I’M reasonably sure that there are no competitions that recognize the most beautiful alleys in America. If there were, Columbus would win hands down.
I wouldn’t go so far as to say that all Columbus alleys are beautiful. Some of them, in fact, are eyesores.
But there are a few in the downtown area — Friendship Alley on Washington Street between Fourth and Fifth and that curved and brick walkway between the old SIECO building and Kirr-Marbach headquarters also on Washington Street, for instance — that are downright picturesque.
Another that holds quite a bit of promise is the alley that splits Washington and Jackson streets between Fourth and Fifth.
Ironically, it parallels the downtown parking garage in that area. By their nature, most parking garages are not architectural delights, but this one is better than most. It’s what’s on the other side of the alley, however, that sets it apart, and the merchants who either own or manage the buildings in that area deserve all the credit for making this back street unique.
There’s a range of beauty that includes a landscaped backyard and the entry to a small restaurant specializing in soups that utilizes old but beautifully crafted doors dating to the 19th century.
It is, however, the most recent addition to this alley that makes it special — a long mural painted on the side of the Columbus Bar that captures a scene inside the establishment with some patrons (past and present) depicted in various poses sitting around the bar. It is a piece of whimsy that just adds to the ambience that the downtown has developed over the past five years.
There’s only one thing spoiling this particular alley and keeping it from becoming one of the most beautiful in the country should such a competition be dreamed up in the future.
Now I will be the first to admit that cigarette butts are not foreign substances in Columbus alleys.
What the heck, they’re all over town — especially the downtown, both the business and residential areas. They are discarded on sidewalks, street gutters and lawns. They’re dropped by smokers as they walk. Sometimes they stop to squash them out. Other times they just walk on, leaving wisps of smoke in their trail. There are some intersections in the city where you can come across large piles, the residue of car ashtrays dumped by some vile litterbug stopped at a traffic light.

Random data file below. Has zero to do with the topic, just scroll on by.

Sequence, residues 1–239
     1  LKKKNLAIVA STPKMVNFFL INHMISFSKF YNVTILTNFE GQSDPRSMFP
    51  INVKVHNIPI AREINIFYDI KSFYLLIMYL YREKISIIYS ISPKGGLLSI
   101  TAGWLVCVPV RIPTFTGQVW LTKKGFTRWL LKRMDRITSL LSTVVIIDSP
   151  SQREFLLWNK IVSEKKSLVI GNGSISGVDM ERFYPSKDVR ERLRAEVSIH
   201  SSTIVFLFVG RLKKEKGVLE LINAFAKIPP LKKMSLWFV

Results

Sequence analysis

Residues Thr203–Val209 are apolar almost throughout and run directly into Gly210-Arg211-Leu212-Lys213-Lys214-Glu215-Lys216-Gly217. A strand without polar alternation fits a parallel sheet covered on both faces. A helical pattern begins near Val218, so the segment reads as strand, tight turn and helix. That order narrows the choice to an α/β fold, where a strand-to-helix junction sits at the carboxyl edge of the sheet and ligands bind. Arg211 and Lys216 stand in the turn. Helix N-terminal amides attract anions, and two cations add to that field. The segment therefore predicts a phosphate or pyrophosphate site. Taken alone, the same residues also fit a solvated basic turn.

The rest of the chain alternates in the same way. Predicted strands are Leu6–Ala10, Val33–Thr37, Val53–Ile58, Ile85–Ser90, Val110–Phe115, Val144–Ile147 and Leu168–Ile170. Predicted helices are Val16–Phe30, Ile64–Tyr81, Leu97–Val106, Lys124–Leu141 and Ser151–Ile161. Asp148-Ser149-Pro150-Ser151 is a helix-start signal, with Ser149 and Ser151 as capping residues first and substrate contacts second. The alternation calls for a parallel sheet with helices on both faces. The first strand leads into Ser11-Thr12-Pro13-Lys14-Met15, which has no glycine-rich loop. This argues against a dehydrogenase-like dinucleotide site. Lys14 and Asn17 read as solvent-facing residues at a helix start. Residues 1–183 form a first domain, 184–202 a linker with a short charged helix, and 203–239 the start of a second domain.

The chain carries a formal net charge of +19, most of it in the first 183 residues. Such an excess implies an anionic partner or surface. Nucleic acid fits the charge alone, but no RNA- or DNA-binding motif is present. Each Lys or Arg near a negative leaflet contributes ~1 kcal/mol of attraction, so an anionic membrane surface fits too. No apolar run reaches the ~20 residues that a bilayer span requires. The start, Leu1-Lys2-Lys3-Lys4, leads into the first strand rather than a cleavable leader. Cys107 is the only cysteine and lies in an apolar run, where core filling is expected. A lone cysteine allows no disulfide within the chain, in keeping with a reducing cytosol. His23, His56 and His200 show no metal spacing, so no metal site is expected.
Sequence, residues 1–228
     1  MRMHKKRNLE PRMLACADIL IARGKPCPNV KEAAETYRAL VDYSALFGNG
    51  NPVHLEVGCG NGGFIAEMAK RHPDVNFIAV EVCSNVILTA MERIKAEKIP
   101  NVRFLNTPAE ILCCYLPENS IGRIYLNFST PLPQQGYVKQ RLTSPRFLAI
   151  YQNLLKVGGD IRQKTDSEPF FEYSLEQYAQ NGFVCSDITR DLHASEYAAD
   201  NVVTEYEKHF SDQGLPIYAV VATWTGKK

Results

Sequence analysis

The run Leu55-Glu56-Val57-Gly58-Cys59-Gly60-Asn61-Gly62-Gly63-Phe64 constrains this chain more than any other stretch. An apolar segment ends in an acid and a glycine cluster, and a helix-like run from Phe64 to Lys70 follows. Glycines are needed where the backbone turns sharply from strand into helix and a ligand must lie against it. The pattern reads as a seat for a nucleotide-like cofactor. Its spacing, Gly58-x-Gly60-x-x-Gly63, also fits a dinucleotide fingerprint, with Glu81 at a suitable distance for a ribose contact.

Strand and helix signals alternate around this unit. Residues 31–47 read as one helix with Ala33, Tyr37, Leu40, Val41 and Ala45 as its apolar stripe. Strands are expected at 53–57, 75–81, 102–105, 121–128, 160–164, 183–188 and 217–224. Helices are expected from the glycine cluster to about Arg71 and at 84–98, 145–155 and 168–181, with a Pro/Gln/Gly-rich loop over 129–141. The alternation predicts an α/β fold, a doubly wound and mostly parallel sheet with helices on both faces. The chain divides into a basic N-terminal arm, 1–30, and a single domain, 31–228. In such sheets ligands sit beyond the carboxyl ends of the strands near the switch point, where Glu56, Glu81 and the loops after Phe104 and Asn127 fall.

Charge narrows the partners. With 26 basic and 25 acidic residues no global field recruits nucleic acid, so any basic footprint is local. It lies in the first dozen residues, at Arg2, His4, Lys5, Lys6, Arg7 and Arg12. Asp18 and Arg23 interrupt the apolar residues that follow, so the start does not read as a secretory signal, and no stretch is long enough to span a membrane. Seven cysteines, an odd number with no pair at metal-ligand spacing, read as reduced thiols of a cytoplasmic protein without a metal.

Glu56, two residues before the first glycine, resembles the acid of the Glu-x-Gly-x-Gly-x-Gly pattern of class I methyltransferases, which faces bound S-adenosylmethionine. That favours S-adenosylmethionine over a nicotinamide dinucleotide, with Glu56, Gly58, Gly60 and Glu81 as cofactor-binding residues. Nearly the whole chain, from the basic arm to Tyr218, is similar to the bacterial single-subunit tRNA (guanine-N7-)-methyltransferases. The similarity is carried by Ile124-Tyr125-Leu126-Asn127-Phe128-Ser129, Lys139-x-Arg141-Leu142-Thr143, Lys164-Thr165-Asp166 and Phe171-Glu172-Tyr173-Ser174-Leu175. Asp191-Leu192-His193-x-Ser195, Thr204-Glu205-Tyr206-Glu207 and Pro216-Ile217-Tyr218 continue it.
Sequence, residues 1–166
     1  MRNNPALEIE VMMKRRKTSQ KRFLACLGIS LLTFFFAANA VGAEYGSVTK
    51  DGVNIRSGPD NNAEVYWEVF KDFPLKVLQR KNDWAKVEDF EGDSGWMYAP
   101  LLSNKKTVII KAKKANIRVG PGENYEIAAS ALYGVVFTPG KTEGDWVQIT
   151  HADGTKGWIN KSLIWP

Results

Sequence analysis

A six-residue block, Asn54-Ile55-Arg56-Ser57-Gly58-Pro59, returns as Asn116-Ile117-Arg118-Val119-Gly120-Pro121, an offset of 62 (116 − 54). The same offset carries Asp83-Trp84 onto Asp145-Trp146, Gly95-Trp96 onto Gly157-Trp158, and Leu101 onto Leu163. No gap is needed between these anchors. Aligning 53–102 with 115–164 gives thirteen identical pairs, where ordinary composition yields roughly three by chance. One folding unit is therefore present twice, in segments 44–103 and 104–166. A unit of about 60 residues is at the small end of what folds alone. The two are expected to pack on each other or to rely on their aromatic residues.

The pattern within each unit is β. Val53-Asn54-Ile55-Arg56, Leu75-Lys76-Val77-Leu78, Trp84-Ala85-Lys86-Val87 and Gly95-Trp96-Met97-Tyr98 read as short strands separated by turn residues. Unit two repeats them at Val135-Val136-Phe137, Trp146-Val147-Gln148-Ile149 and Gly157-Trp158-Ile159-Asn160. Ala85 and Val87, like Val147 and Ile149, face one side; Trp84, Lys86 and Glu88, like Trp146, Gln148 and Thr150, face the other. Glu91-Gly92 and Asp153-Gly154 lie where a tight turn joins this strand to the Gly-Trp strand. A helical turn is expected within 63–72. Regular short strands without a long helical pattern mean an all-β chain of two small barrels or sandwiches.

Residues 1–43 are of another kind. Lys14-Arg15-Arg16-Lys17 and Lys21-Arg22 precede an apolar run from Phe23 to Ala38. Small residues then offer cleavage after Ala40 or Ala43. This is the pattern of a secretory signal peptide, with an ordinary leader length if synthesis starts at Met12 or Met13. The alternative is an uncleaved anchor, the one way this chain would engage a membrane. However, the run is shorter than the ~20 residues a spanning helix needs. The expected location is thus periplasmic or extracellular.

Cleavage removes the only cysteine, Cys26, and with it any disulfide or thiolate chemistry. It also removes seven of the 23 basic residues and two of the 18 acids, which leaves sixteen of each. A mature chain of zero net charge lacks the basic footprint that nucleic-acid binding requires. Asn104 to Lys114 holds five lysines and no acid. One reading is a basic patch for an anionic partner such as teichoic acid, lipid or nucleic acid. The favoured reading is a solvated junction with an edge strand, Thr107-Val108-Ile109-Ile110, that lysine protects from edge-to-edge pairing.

The collection in the alley near that beautiful mural is especially noticeable, not to mention repugnant. I mean, who knows where those butts have been or whose lips last touched them?
As litter goes, cigarette butts rank at the top in terms of being most objectionable. They’re also extremely difficult to pick up, and there are so many that one could develop a permanent bent-over posture just by going from one end of the alley to the other in an effort to be a good citizen.
The reason that there are so many in this particular alley, I suspect, is that we’re trying to get people to stop smoking.
Don’t get me wrong. Getting people to stop smoking is a good thing. The city of Columbus has a modified ban on smoking in public places. So does the state of Indiana.
Some businesses and organizations are exempted from both bans — bars, for instance — but in Columbus, especially in the vicinity of that alley, the businesses have taken it upon themselves to contribute to the smoking cessation effort.
The Columbus Bar, for instance, has had a smoke-free policy since 2006, and that was before either the city or the state had adopted modified smoking bans. It also was the owners of the Columbus Bar who took it upon themselves to add that mural to the downtown decor and brighten up what could have been a typical downtown alley.
Yet, the whole spirit of that decor and the nonsmoking environment has been spoiled by untold numbers of cigarette butts.
I don’t know who’s responsible for the litter. Maybe it’s just some passing pedestrian. It could be customers of one of the smoke-free establishments getting in a few drags between beers. It could even be employees puffing away while they’re on their breaks.
Whoever it is, they leave a mess.
It’s impossible for those who clean up the alley to keep up with the accumulation.
Maybe it would help if we would adopt the policy adhered to by so many drill sergeants during basic training years ago when recruits would be allowed to smoke on breaks but would have to extinguish the residue at the end and put the butt in their pocket when a container wasn’t nearby. A more practical approach might be to place outdoor receptacles along the alley where smokers could extinguish and deposit their butts.
I just hope somebody does something to get rid of the littered butts. They’re keeping us from winning the Most Beautiful Alleys in the World contest.
Harry McCawley is associate editor of The Republic. He can be reached by phone at 379-5620 or email at firstname.lastname@example.org.
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